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The storage of ACH in presynaptic nerve endings.
Whittaker, V. P
Gilliland, Ian C
Dr V.P. Whittaker lectures on the storage of ACH (acetylcholine) in presynaptic nerve terminals.
Segment 1 Dr Gilliland introduces Dr Whittaker, who begins the lecture. Whittaker begins by describing the synapses in the nervous system and how they are arranged. He also discusses chemical transmission in the nervous system and the synapses' vulnerabilities. He begins to explain how many hallucinogenic drugs and tranquilisers are chemical analogues of central transmitters. Time start: 00:00:00:00 Time end: 00:04:50:01 Length: 00:04:50:01 Segment 2 Whittaker continues to talk about drugs that act on the nervous system. The formula of the transmitter dopamine is shown, as well as the hallucinogen mescaline's formula. He points out the similarities. Another slide shows the transmitter 5-hydroxytryptamine and the hallucinogen LSD - again they share commonalities. A third slide compares acetylcholine and atropine. He then discusses his work on the way acetylcholine is stored in nerve terminals, first explaining what acetylcholine is and how it works. A picture of an elasmobranchii (a flatfish) is seen, which has a high acetylcholine content. Whittaker discusses this and other species of fish and how they are used in research. Time start: 00:04:50:01 Time end: 00:10:35:00 Length: 00:05:44:24 Segment 3 Electron micrographs show the nerve endings of the fish, and Whittaker describes them and where they occur. He then talks about the problem of breaking down the electric tissue in order to isolate the vesicles. A fragment of electroplaque is shown, and Whittaker points out the badly damaged external nerve membrane. An enlarged picture is also seen. Whittaker describes how to prepare vesicles using the electroplaque fragments. Time start: 00:10:35:00 Time end: 00:15:51:00 Length: 00:05:16:00 Segment 4 A series of graphs shows the make-up of separated, centrifuged vescicles. Whittaker discusses the results of an electron microscope examination of the separation and the distribution of the various enzymes and transmitters. Time start: 00:15:51:00 Time end: 00:20:30:20 Length: 00:04:39:20 Segment 5 Whittaker continues to discuss the centrifuged vescicles and the distribution of the enzymes and transmitters. A set of figures shows concentrations in the vescicles, and he talks about acetylcholine in particular. He also talks about vesiculin, a protein found in the vesicle preparation. Another diagram shows the gel elution pattern obtained when vesicles are suspended in water and in isosmotic sucrose, and Whittaker explains this comparison. He then discusses a preparation of vesiculin involving dialysis and freeze-drying. A graph shows the results of this experiment. Time start: 00:20:30:20 Time end: 00:25:08:00 Length: 00:04:37:05 Segment 6 Whittaker continues to explain the freeze-dried preparation experiment, discussing data in graphs shown on screen. He also talks about the amino acid composition of vesiculin. Time start: 00:25:08:00 Time end: 00:30:03:00 Length: 00:04:56:00 Segment 7 Next, Whittaker talks about the role of vesiculin in the cholinergic vesicle. He discusses how it might act as an ion exchange resin. He also talks about a possible carrier system existing within the wall of the vesicle, shown in a diagram. He concludes the lecture by saying how research into proteins and acetylcholine storage could benefit botulism and myasthenia gravis treatment. Time start: 00:30:03:00 Time end: 00:34:18:07 Length: 00:04:15:07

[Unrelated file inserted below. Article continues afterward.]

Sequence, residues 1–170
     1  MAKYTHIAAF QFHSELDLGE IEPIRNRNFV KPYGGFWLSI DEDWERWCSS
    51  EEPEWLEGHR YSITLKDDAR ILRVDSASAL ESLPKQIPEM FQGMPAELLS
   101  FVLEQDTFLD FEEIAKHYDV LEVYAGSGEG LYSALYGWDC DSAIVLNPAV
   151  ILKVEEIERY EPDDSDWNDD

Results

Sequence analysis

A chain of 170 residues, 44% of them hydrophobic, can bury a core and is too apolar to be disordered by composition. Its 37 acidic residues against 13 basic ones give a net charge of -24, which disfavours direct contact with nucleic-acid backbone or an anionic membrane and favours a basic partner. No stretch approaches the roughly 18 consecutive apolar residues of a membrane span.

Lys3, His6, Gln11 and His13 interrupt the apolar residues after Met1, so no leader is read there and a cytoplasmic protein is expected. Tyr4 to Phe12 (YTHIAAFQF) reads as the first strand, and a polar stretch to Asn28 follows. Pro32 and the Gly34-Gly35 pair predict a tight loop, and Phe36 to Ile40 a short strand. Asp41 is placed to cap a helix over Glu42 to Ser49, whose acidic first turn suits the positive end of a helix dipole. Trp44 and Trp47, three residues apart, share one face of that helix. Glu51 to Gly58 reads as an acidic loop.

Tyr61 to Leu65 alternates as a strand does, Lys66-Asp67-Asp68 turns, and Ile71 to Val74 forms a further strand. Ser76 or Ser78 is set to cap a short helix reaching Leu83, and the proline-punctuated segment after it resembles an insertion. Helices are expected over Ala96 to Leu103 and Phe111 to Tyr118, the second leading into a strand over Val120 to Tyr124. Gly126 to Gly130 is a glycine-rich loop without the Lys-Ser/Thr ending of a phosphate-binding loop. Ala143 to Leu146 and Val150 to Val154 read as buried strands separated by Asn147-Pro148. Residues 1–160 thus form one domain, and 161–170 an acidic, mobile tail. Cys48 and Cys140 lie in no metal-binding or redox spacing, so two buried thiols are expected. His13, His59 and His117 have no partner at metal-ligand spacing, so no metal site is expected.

Presented by Dr V.P. Whittaker, Department of Biochemistry, University of Cambridge. Introduced by Dr Ian Gilliland. Made by University of London Audio-Visual Centre for the Postgraduate Medical Federation, University of London. Produced by Peter Bowen.
This video is one of around 310 titles, originally broadcast on Channel 7 of the ILEA closed-circuit television network, given to Wellcome Trust from the University of London Audio-Visual Centre shortly after it closed in the late 1980s. Although some of these programmes might now seem rather out-dated, they probably represent the largest and most diversified body of medical video produced in any British university at this time, and give a comprehensive and fascinating view of the state of medical and surgical research and practice in the 1970s and 1980s, thus constituting a contemporary medical-historical archive of great interest. The lectures mostly take place in a small and intimate studio setting and are often face-to-face. The lecturers use a wide variety of resources to illustrate their points, including film clips, slides, graphs, animated diagrams, charts and tables as well as 3-dimensional models and display boards with movable pieces. Some of the lecturers are telegenic while some are clearly less comfortable about being recorded; all are experts in their field and show great enthusiasm to share both the latest research and the historical context of their specialist areas.
The scientific basis of medicine